In short: thanks for the advice Z/Z
 
Old 02-06-2012, 04:31 PM   #6
salasi
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Quote:
Originally Posted by LinuxNoobX View Post
Are there any simple ways to alter a Linux distro to personalize it or give it a unique feel.
There are loads, but what will work for you depends a lot on what DE you use. LM12? I'd guess that you are using Gnome.

Very broadly, out of the two biggest (and that means 'heaviest, as well as 'most popular'), KDE tends to be more on the 'make everything configurable, so that the end user can get what they want' end of things and Gnome tends to be more on the 'make sure that everything works reasonably well out of the box' end; while this isn't absolute, it does mean that KDE is better for tweakers (and time-wasters, which is the other side of this particular coin), but Gnome has its adherents too amongst those who would rather have their options limited and get on with things.

@TobiSGD
Quote:
You don't mention which DE or WM you use, most of them can be tweaked with themes, lots of them are downloadable at places like Gnome-Look.org, KDE-Look.org or XFCE-Look.org.
Not only is this true, but if you go into kde settings > window decorations or kde settings > desktop theme, there is the option to grab new decorations or themes directly, without any messing around with separately downloading, moving to the right directory, untarring, etc. I thought Gnome had a similar facility, but as I haven't even looked at recent Gnomes, that may be wrong.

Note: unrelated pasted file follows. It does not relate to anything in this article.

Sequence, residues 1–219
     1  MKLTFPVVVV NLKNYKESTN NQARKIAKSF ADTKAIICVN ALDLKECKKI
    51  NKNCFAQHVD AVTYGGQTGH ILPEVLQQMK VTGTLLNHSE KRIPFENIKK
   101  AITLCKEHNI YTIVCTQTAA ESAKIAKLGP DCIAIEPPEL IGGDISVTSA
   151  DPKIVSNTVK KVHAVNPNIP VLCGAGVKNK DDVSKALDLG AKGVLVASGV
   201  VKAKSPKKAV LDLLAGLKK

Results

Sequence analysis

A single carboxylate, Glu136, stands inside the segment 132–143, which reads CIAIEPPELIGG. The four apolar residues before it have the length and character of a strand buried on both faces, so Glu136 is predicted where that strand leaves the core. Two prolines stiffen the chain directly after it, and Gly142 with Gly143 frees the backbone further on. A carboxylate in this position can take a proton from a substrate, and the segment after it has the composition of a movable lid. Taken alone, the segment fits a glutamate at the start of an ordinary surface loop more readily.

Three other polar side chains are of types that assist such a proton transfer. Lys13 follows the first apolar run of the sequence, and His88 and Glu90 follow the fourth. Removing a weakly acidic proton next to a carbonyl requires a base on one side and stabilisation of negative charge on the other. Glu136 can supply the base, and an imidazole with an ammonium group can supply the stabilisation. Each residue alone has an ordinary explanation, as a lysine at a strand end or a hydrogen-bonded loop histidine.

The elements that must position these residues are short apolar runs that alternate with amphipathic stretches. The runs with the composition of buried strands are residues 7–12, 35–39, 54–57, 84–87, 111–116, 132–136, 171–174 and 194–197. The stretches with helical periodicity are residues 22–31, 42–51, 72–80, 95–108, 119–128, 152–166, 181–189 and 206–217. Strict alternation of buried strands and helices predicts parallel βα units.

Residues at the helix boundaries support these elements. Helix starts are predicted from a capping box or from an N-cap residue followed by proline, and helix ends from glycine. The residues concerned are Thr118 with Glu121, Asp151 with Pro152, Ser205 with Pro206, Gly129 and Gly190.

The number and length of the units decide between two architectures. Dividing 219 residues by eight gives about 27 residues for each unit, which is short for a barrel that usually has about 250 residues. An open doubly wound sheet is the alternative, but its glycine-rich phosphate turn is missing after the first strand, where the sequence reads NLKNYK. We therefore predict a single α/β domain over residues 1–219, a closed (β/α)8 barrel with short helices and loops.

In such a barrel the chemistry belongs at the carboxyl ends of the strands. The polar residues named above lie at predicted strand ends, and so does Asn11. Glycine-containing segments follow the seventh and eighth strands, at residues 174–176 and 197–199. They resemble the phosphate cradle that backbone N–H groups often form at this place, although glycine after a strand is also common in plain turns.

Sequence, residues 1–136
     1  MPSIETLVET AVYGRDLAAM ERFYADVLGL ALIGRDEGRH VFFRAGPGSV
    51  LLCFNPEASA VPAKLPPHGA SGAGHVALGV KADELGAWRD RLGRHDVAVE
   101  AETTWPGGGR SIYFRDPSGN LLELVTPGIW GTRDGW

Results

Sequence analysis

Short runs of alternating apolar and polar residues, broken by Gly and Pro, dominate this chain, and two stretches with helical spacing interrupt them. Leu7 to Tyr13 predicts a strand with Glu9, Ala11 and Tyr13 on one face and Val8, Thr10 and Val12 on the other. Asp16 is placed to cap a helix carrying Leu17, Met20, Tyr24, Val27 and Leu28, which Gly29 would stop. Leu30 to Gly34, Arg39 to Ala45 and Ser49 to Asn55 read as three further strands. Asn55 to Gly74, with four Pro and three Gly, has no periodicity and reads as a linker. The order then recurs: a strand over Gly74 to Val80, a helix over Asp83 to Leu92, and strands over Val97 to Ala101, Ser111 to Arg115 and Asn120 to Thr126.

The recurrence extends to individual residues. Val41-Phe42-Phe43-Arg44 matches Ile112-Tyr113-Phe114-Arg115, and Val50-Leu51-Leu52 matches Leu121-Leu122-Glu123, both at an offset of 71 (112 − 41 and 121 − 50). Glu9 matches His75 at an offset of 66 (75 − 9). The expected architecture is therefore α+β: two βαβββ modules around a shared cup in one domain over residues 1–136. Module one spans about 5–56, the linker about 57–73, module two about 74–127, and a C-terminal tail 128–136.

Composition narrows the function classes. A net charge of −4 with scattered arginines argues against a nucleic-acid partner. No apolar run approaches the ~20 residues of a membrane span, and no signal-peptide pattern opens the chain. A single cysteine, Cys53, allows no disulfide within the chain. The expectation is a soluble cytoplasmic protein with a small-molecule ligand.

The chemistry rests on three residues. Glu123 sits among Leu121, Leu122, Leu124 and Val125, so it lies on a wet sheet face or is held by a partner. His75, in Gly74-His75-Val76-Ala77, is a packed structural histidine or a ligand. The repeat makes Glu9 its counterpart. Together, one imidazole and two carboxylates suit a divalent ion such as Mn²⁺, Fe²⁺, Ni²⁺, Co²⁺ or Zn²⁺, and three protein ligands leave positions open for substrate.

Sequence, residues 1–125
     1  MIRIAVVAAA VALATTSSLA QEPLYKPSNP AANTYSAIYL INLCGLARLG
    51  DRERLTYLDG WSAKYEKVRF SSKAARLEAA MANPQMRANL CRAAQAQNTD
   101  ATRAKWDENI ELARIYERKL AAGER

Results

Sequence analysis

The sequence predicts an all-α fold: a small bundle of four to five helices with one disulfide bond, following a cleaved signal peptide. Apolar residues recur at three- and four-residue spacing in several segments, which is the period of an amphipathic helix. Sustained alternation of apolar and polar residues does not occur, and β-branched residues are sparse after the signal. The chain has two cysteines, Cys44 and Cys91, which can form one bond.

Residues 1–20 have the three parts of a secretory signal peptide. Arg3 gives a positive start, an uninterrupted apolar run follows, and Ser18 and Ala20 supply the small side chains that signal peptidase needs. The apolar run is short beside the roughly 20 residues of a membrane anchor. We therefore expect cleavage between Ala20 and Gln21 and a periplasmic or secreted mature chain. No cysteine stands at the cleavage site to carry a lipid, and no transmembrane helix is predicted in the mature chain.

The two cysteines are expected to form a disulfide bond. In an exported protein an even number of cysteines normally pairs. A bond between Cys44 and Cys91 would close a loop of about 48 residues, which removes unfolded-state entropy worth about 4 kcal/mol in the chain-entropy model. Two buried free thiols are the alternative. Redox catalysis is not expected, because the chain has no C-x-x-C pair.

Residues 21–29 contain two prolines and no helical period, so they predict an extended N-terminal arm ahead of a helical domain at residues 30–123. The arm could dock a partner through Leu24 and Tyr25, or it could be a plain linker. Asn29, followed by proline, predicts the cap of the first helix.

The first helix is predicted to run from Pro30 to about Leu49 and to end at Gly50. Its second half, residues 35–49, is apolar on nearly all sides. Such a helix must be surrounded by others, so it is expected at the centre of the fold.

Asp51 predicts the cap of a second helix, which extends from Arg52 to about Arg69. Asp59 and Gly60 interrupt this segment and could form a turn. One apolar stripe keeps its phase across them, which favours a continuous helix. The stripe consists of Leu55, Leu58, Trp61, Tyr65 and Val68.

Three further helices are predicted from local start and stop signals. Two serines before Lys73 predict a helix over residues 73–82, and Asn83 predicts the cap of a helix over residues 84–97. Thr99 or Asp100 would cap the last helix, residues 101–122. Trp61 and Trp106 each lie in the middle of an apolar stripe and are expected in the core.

Warning: although you can do much customisation, that isn't the same as saying that you should. It is really quite a good way of wasting time, and you should really only go there if you have the time to waste.
 
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Old 02-06-2012, 04:40 PM   #7
TobiSGD
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Quote:
Originally Posted by salasi View Post
Not only is this true, but if you go into kde settings > window decorations or kde settings > desktop theme, there is the option to grab new decorations or themes directly, without any messing around with separately downloading, moving to the right directory, untarring, etc. I thought Gnome had a similar facility, but as I haven't even looked at recent Gnomes, that may be wrong.
Didn't know that, thanks for that hint. Since I am one of those tiling WM guys I only have sometimes a look at Gnome-Look or XFCE-Look when I am searching for a new GTK theme. Just because I use mostly GTK applications and only very rarely QT/KDE apps.
 
Old 02-06-2012, 05:09 PM   #8